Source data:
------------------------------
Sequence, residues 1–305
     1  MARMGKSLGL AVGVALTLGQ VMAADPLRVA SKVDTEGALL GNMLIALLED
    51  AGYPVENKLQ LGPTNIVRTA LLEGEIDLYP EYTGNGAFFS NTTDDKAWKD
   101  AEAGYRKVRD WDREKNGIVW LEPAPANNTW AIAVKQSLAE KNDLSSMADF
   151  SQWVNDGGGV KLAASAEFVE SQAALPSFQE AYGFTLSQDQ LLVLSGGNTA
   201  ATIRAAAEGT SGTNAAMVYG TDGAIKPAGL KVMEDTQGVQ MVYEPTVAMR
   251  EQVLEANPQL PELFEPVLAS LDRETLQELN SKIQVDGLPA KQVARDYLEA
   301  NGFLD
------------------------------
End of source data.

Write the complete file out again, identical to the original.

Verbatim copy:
Sequence, residues 1–305
     1  MARMGKSLGL AVGVALTLGQ VMAADPLRVA SKVDTEGALL GNMLIALLED
    51  AGYPVENKLQ LGPTNIVRTA LLEGEIDLYP EYTGNGAFFS NTTDDKAWKD
   101  AEAGYRKVRD WDREKNGIVW LEPAPANNTW AIAVKQSLAE KNDLSSMADF
   151  SQWVNDGGGV KLAASAEFVE SQAALPSFQE AYGFTLSQDQ LLVLSGGNTA
   201  ATIRAAAEGT SGTNAAMVYG TDGAIKPAGL KVMEDTQGVQ MVYEPTVAMR
   251  EQVLEANPQL PELFEPVLAS LDRETLQELN SKIQVDGLPA KQVARDYLEA
   301  NGFLD